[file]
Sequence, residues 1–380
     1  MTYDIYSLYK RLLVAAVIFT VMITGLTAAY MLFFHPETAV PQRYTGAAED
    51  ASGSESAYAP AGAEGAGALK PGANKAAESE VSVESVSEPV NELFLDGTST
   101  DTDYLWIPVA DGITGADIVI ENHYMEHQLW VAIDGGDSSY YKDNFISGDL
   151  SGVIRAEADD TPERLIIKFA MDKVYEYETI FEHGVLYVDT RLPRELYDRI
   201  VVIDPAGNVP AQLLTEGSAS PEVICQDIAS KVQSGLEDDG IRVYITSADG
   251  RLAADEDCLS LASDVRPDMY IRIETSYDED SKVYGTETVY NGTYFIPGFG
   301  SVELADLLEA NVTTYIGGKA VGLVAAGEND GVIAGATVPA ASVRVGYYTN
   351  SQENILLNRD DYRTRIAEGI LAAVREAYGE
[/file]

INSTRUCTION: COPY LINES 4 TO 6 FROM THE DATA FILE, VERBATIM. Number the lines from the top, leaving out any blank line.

   101  DTDYLWIPVA DGITGADIVI ENHYMEHQLW VAIDGGDSSY YKDNFISGDL
   151  SGVIRAEADD TPERLIIKFA MDKVYEYETI FEHGVLYVDT RLPRELYDRI
   201  VVIDPAGNVP AQLLTEGSAS PEVICQDIAS KVQSGLEDDG IRVYITSADG